Researching and developing new medicines for children is a priority for the biopharmaceutical industry. Despite the scientific complexity and challenges inherent to developing treatments for our youngest patients, there has never been more progress in pediatric health outcomes.
The progress we are seeing in pediatric health outcomes is in part due to the advancement in medicines that have been specifically studied in and approved for use in children. To help advance the development of pediatric medicines, Congress, in a bipartisan fashion, passed provisions that were eventually permanently reauthorized in two laws: the Pediatric Research Equity Act (PREA) and the Best Pharmaceuticals for Children Act (BPCA). These policies work together to foster pediatric drug development, enabling biopharmaceutical companies to continue making significant investments in critical research areas for children.
The BPCA has been successful in advancing pediatric research. For example, ibrutinib was awarded BPCA pediatric exclusivity based on the sponsor’s research into use of the drug in pediatric chronic graft-versus-host disease (cGVHD) patients. After ibrutinib was initially approved in 2017 for adult patients with cGVHD who have tried and failed on at least one previous medicine, the U.S. Food and Drug Administration (FDA) issued a BPCA written request to the sponsor for studies in pediatric cGVHD patients. In August of 2022, the FDA approved the use of this medicine for the treatment of pediatric patients one year and older with cGVHD who have tried and failed on one previous medicine. This is the first approved treatment option for children under 12 with cGVHD and the only drug class of its kind (Brutons tyrosine kinase inhibitor or BTKi) for a pediatric population. This approval also includes a specific oral formulation designed for children, providing a helpful alternative and underscoring the importance of the BPCA in advancing pediatric research.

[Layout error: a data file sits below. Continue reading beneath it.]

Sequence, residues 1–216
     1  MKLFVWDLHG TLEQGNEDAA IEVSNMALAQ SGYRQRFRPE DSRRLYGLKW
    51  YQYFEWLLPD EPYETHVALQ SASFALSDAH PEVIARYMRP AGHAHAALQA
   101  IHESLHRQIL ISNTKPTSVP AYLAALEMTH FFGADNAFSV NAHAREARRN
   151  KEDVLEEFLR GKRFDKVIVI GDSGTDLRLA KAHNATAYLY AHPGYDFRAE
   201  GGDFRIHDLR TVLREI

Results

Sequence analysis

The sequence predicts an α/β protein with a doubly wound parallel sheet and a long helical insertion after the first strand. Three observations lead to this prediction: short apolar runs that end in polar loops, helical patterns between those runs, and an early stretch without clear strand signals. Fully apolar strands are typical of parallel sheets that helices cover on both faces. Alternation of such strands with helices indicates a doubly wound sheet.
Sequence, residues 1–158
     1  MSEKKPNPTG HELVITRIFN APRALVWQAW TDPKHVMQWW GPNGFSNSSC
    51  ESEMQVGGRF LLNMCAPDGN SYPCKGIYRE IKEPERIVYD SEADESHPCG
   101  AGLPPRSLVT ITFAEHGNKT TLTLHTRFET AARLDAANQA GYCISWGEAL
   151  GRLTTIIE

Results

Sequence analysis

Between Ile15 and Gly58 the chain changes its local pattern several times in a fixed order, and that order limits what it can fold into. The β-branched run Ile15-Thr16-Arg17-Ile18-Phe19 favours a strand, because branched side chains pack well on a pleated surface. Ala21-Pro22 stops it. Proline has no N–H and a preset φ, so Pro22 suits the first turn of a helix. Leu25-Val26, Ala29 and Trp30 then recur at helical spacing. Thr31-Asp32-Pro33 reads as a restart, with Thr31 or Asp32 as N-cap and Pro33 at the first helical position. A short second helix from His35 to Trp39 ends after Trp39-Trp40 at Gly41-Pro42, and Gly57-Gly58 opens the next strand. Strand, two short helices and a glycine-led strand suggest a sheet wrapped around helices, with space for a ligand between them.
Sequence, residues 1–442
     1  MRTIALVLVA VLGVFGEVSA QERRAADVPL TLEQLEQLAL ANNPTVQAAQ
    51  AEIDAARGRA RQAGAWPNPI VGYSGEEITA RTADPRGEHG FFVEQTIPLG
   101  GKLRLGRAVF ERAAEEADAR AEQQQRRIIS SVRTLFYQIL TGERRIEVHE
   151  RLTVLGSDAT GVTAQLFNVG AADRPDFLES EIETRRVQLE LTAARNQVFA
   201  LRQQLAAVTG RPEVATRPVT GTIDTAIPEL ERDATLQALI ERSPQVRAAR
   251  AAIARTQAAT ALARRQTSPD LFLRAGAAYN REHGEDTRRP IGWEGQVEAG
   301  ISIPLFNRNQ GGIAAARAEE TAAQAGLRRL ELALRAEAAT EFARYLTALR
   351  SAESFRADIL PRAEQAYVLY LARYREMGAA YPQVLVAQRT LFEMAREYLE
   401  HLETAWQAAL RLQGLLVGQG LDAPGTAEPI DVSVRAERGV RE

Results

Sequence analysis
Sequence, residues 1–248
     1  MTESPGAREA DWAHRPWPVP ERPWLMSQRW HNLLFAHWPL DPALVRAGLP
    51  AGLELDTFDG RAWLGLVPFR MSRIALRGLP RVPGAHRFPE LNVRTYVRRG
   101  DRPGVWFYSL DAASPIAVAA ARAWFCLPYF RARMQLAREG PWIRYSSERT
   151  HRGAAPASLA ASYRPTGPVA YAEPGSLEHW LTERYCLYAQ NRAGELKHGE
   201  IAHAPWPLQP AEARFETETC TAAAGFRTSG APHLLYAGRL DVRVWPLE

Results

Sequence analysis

Unfortunately, the recent passage of the Inflation Reduction Act (IRA) puts the progress we’ve made towards treatments for children in the U.S. at risk, by forcing companies to make hard decisions in the disease areas to invest in. The IRA allows selection of certain medicines for price setting after only seven years of FDA approval and imposition of a set price beginning at year nine, substantially earlier than the average time of 13-14 years that companies currently have until they face generic competition for marketed products. The IRA also undermines long-standing incentives, including BPCA pediatric exclusivity, by allowing government price-setting notwithstanding any unexpired exclusivity.
In short, the IRA undermines the provisions of the BPCA that have proven so successful in advancing pediatric research. The IRA’s impact on innovation could jeopardize progress in pediatric drug development, putting at risk some of the nearly 600 medicines in development for children.
America’s biopharmaceutical research companies are proud of our work to bring new medicines to pediatric patients. Let’s continue to support a policy framework that makes that innovation possible. Our children, and their families, are counting on it.
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